The government is expecting about Rs 40,000 crore of investment in the 14 blocks it put up on auction for prospecting of oil and gas in the second round of open acreage licensing policy (OALP), Oil Minister Dharmendra Pradhan said on Monday.
In the first round of OALP last year, as much as Rs 60,000 crore was committed in the exploration of oil and gas in 55 blocks or areas, he said adding a third round of OALP with 12 oil and gas blocks and five coal-bed methane (CBM) blocks would be launched within this month.
The 14 blocks being offered in OALP-II bid rounds cover an area of 29,333 square kilometers and bids close on March 12, he said at the launch event.
Since the BJP-led NDA came to power in 2014, the government has held two auctions of discovered small fields and a similar number under OALP and the cumulative investment committed is Rs 1,20,000 crore, he said.
"In the first OALP bid round, we got an investment commitment of Rs 60,000 crore. In OALP-II we are expecting another Rs 40,000 crore," he said.
India had in July 2017 allowed companies to carve out blocks of their choice with a view to bringing about 2.8 million sq km of unexplored area in the country under exploration.
Under OALP, companies are allowed to put in an expression of interest (EoI) for prospecting of oil and gas in an area that is presently not under any production or exploration licence. EoIs can be put in at any time of the year but they are accumulated twice annually.
The blocks or areas that receive EoIs at the end of a cycle are put up for auction with the originator or the firm that originally selected the area getting a 5-mark advantage.
The two window of accumulating EoIs end on May 15 and November 15 every year. EoIs accumulated till May 15 are supposed to be put on auction by June 30 and those in the second window by December 31.
The first OALP round was launched in 2017 and bids came in by May 2018. EoIs for second round closed on May 15, 2018 and the blocks were supposed to be put for auction by June but the round was delayed.
In the meanwhile, EoIs in the third window also closed on November 15, 2018 with as many as 18 blocks and five CBM blocks, measuring 31,722 sq km, being sought for.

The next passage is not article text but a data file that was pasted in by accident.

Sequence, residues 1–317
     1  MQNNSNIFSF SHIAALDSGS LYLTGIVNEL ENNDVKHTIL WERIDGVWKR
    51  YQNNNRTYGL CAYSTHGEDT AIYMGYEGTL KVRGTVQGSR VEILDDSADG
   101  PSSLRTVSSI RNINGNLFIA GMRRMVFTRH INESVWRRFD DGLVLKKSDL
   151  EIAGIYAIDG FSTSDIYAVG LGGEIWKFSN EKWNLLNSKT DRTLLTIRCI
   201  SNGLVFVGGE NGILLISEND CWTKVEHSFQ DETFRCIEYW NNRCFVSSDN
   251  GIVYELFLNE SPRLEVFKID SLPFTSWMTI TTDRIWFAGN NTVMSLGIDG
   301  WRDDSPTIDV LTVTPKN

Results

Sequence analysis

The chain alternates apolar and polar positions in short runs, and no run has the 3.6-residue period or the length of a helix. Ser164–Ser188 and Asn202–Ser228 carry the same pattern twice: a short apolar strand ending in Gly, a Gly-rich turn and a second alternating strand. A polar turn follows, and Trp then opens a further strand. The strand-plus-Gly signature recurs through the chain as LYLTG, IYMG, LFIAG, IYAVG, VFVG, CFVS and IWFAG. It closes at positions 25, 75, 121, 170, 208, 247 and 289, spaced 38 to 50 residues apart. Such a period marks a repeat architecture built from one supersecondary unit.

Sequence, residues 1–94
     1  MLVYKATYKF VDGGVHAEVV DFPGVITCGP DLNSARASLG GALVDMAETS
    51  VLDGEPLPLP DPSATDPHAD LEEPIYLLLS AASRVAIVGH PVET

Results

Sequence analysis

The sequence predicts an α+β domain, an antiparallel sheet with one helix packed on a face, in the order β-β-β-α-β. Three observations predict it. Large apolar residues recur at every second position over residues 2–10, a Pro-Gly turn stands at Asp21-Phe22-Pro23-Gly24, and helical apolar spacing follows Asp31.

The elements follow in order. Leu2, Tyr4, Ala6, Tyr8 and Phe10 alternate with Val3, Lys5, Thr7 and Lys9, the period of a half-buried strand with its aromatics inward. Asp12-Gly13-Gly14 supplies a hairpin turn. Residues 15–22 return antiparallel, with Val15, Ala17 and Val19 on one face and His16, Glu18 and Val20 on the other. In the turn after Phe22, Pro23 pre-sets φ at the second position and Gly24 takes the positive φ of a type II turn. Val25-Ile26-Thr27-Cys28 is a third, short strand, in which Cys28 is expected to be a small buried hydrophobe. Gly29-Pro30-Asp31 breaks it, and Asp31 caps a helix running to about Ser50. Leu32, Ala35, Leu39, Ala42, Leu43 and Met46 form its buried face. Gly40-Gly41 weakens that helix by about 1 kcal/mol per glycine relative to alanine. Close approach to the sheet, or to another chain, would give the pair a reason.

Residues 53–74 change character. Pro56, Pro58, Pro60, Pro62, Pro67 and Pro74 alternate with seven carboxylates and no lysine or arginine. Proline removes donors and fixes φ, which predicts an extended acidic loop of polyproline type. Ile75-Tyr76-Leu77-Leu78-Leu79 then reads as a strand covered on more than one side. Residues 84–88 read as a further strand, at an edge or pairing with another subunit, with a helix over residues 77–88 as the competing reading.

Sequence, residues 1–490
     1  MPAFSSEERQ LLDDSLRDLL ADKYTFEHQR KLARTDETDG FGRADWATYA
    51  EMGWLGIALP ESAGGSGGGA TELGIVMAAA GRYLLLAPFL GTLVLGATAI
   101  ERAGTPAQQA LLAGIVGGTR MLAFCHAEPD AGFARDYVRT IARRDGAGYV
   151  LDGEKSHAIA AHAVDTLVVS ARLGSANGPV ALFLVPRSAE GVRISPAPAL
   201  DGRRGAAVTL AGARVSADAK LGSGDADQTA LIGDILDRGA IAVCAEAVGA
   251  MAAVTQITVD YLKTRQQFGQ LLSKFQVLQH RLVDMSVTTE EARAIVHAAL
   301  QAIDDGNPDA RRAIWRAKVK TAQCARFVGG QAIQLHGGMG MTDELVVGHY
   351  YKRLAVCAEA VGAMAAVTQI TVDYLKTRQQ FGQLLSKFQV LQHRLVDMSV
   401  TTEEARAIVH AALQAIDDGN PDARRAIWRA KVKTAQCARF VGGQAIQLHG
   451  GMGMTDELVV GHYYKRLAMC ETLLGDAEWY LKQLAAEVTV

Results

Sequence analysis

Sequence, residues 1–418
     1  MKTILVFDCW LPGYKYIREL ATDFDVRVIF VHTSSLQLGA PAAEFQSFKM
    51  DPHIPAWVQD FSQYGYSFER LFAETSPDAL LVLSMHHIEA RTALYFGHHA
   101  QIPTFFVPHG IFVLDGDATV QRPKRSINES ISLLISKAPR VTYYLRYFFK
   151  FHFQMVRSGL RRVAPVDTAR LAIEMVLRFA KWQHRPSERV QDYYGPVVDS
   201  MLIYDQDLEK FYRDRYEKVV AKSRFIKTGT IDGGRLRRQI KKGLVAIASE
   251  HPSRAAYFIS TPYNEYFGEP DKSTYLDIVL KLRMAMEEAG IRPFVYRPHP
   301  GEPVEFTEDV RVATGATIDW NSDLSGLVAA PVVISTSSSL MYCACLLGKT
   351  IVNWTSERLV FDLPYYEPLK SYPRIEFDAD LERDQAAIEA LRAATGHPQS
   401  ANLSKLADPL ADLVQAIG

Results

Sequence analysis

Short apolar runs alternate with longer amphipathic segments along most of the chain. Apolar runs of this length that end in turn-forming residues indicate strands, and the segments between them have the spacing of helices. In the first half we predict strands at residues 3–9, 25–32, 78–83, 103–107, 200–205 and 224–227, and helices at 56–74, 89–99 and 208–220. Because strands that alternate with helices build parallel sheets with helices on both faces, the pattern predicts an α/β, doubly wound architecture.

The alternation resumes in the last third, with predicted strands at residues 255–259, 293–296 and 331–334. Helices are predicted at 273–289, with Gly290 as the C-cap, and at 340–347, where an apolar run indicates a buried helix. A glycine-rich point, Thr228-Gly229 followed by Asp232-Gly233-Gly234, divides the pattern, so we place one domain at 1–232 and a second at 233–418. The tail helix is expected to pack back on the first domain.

"About 90,000 sq km of India's sedimentary basin was under exploration prior to these bid rounds. In two OALP rounds and two discovered small field (DSF) rounds, the area under exploration has more than doubled," Pradhan said.
The world's third largest energy consumer is looking at boosting out as its economy expands.
State-owned Oil and Natural Gas Corp (ONGC) and a consortium of Reliance Industries-BP of the UK have committed USD 20 billion in exploring and producing oil and natural gas from their Krishna Godavari basin blocks.
The blocks on offer in OALP-II include one in deep waters of Krishna Godavari basin and five shallow water blocks - two each in Andaman and Kutch basin and one in Mahanadi basin. Eight onland blocks - four in Mahanadi basin, two in Cambay and one each in Rajasthan and Cauvery are on offer.
The 14 blocks are estimated to hold in-place resource of 12,609 million tonne of oil and oil equivalent gas.
In OALP-1, mining mogul Anil Agarwal-led Vedanta walked away with 41 out of 55 blocks bid out. State-owned Oil India won nine blocks while ONGC managed to win just two.
State gas utility GAIL, upstream arm of Bharat Petroleum Corp Ltd (BPCL) and Hindustan Oil Exploration Co (HOEC) won one block each.
The 55 blocks have a total area of 59,282 sq km.
Blocks are awarded to the company which offers the highest share of oil and gas to the government as well as commits to do maximum exploration work by way of shooting 2D and 3D seismic survey and drilling exploration wells.
Increased exploration will lead to more oil and gas production, helping the world's third largest oil importer to cut import dependence.
Prime Minister Narendra Modi has set a target of cutting oil import bill by 10 per cent to 67 percent by 2022 and to half by 2030.
Import dependence has increased since 2015 when Modi had set the target. India imports 81 percent of its oil needs.
The new policy replaced the old system of government carving out areas and bidding them out. It guarantees marketing and pricing freedom and moves away from production sharing model of previous rounds to a revenue-sharing model, where companies offering the maximum share of oil and gas to the government are awarded the block.The government prior to this had been selecting and demarcating areas it feels can be offered for bidding in an exploration licensing round.